Jones’s tenuous command of his medium is another major hindrance. He tells a pretty good story, but my god, he savages the written word:
Here is your Army, America, he sleepily wanted to tell Them, here is your strength, that You have made strong by trying to break, and that You will have to depend on in the times that are coming, whether You like it or not, or want to or not, and no matter how much it may hurt Your pride. And here in Number Two was its cream, sifted and resifted and then sifted again, until all the dry rot had been winnowed out, all the soft spots squeezed out, all the rotting gangrene that all the social columnists were so afraid of excised out, so that only the firm hardy remainder of the most absolute of toughness, that would not only hold its own but would triumph, in a whole world of toughness, was all that was left now.
Suffering shit! It’s a miscegenation of metaphors! The whole novel is like this, ripe for parody–Peter de Vries wrote a great one in 1951.
Jones strains for meaning, yet avoids being held to any particular message by overburdening the story with messages. And he eventually abandons the commitments he makes to pithiness by throwing up his hands to say, “What does anything mean, after all? What are we, anyway?”
Verily we have few answers to these questions; we are good and bad and confused all around. But to end like this is a cop-out from the man who created a tortured bugler, a Wobbly Jesus, and a literal truckload of used sanitary napkins. He went for broke with his saints and symbols, so I expected something, maybe a coherent point of view. Instead I got awful prose and a dismal, unsatisfactory ending, which diminished the fun I’d had during the yarny parts.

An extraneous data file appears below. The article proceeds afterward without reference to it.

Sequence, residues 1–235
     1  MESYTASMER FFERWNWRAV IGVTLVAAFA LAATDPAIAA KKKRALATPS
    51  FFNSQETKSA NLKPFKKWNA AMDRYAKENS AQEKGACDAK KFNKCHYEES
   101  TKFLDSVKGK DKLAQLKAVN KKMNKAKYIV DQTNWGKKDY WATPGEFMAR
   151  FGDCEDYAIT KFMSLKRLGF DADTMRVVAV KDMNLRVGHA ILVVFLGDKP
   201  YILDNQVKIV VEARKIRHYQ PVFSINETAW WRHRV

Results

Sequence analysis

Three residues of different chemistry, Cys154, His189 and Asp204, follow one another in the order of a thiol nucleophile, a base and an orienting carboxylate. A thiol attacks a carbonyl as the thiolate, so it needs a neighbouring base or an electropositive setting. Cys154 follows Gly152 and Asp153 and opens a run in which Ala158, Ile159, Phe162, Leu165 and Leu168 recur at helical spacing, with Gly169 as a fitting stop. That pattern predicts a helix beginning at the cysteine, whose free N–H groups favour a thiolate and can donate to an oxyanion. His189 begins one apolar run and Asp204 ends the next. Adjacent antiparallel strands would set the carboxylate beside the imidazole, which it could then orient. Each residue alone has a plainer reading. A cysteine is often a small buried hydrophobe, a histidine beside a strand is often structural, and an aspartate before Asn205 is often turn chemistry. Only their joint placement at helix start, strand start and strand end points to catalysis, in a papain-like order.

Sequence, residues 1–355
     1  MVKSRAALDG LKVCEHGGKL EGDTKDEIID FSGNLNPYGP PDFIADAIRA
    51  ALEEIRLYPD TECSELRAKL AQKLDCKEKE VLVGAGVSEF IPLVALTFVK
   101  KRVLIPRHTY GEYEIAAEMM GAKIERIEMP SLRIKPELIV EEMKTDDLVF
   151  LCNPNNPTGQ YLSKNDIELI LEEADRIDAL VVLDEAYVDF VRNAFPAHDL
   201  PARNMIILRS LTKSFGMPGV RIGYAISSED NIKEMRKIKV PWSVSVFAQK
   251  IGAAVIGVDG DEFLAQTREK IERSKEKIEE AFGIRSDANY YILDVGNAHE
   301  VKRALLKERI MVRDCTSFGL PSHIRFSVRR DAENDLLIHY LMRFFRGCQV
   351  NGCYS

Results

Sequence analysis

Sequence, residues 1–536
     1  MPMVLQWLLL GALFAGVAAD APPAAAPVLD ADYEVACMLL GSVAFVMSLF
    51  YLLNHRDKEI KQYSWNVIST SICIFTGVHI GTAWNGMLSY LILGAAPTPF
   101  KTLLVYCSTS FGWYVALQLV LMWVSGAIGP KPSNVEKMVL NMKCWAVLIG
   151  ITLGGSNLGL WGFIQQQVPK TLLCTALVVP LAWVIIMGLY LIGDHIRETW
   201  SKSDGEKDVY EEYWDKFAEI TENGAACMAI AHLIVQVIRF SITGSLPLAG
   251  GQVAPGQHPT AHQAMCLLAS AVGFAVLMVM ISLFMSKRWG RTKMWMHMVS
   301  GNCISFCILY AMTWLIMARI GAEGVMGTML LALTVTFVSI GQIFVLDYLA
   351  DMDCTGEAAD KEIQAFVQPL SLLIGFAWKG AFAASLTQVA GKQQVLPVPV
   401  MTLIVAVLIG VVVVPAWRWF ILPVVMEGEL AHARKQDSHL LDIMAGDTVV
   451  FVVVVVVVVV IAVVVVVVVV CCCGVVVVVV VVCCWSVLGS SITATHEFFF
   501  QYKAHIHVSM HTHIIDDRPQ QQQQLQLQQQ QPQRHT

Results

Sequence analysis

From Here to Eternity isn’t a forward-happy co-worker; I can’t go that far. It’s like someone with whom you have a booze-fueled conversation at a party. The conversation starts out great, but you get drunker, and dumber, and it goes on way too long.
Jerome Weeks has published a long, thoughtful essay asking why all the talk about our culture needing a great “9/11 novel.” Don Delillo has this discussion back in the book pages with his new book, Falling Man, though Jonathan Safran Foer’s Extremely Loud and Incredibly Close and Deborah Eisenberg’s collection Twilight of the Superheroes among several others are examples of so-called “9/11 fiction.” Weeks writes:Why do we expect our writers to produce the “Great 9/11 novel” anyway? Has there ever been a “great” Pearl Harbor novel — the event most often compared to the Towers’ collapse? From Here to Eternity is about all that memory can conjure up, and it surely doesn’t qualify as great.I would argue that nearly every serious novel written since 9/11 is a “9/11 novel.” Writers, artists, and filmmakers, consciously or subconsciously, react to the world around them some way, and 9/11, from many angles, is incontrovertibly a part of our world. For example, even Michael Chabon’s The Yiddish Policemen’s Union, which is set in an alternate universe in which a temporary Jewish homeland has been set up in Alaska, is a “9/11 novel” in that it has internalized the post-9/11 sensibilities of shadowy government meddling in the Middle East and the feeling of an impending global and religiously motivated conflict. To expect a novel to explicitly place 9/11 into a context that offers us all some greater understanding of it is to misunderstand how fiction works, as Jerome Weeks implies. What we are really looking for (as ever) is a defining novel of our time.